Buffalo gnat outbreaks may occur in the Texarkana region along the Sulphur River, according to agricultural officials.
While treatment is necessary, officials say the river levels are too high.
Every year, from November through March, the Miller County Extension Agency officials scout the Sulphur River to scout for Buffalo gnat larvae.
"They're a type of tiny blood-sucking black fly, related to the turkey gnat, but more detrimental to wildlife and livestock," said Jennifer Caraway, Miller County Extension Agent.
The insects need cold, flowing water to hatch, Caraway said.
Swarms of buffalo gnats tend to kill animals in several different ways, Caraway said.
"Buffalo gnats will attack your livestock. They will get up in the airways, cause toxemia, anaphylactic shock. They would even die from blood loss because they make little incisions on the animal," Caraway said.
Bites from the insects can also be painful for humans.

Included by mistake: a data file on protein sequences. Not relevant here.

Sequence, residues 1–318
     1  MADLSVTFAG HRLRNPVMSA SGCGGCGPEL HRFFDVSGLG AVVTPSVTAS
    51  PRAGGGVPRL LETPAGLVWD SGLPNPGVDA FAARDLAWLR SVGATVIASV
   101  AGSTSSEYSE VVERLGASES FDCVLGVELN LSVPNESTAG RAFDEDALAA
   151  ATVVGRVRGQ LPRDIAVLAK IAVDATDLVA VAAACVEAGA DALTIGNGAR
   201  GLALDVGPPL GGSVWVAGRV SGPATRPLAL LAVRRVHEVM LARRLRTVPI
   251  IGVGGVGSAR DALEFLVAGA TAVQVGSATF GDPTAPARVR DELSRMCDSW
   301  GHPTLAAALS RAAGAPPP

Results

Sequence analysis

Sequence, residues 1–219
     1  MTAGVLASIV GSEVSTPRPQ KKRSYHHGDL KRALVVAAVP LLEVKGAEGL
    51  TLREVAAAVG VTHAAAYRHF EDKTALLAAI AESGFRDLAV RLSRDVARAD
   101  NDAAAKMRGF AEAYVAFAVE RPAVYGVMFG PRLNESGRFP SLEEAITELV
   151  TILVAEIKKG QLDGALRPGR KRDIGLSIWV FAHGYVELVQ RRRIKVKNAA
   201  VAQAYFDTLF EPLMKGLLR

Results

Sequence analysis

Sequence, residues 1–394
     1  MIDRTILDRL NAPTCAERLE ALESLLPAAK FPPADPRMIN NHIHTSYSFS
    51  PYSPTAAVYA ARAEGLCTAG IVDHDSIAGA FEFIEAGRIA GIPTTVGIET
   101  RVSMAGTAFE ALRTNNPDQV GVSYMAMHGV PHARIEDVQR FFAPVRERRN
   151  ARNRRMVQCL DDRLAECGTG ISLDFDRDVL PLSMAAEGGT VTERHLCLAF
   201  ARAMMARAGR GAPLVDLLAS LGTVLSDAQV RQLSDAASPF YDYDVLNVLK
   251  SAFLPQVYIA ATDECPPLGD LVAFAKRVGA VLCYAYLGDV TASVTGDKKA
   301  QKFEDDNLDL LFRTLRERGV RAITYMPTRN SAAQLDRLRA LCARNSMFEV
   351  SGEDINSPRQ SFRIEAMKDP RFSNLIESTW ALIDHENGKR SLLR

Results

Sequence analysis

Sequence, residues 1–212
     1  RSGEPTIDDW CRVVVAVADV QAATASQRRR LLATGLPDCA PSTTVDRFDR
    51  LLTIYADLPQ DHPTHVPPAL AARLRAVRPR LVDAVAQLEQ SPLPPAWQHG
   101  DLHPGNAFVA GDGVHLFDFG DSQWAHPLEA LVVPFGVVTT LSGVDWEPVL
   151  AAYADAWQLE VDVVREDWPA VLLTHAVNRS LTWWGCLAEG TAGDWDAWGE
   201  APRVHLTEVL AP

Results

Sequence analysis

In the past few weeks, Caraway says they've noticed an increase in buffalo gnat larvae, which is not a good sign for the Southwest Arkansas region.
Last year in Arkansas County, about 300 wildlife and 100 livestock died.
Researchers believe even more died, but were not reported.
"Arkansas County is in the Delta. There are more livestock here. If we were to have the same outbreak, here as they did last year, it would be substantial," Caraway said.
Former Miller County Extension Agent Doug Petty says now would be a good time to treat for the buffalo gnats using a natural insecticide called BTI, but nature has not cooperated with their plans.
"This year it's been out of the banks the whole winter. With as much rain as we've been getting, the Army Corps of Engineers is having a hard time for us to make the treatment affective," Petty said
Normally about 45 miles of the Sulphur River is treated, he said.
Other control options include moving livestock about five miles away from the river, sheltering them, or burning hay bales. The last outbreak of Buffalo Gnats in Miller County was in the late 1980s, said Petty.
"We probably lost a few hundred head of cattle and horses, since then we've been keeping a good handle on it," Petty said.
"The weather has helped in the last four or five years by not having substantial rainfall," Petty said.
While heavy rains may have created problems with buffalo gnats, windy weather may have helped move them away from livestock.
Southern buffalo gnats usually decline when temperatures rise to above 80 degrees, Petty said.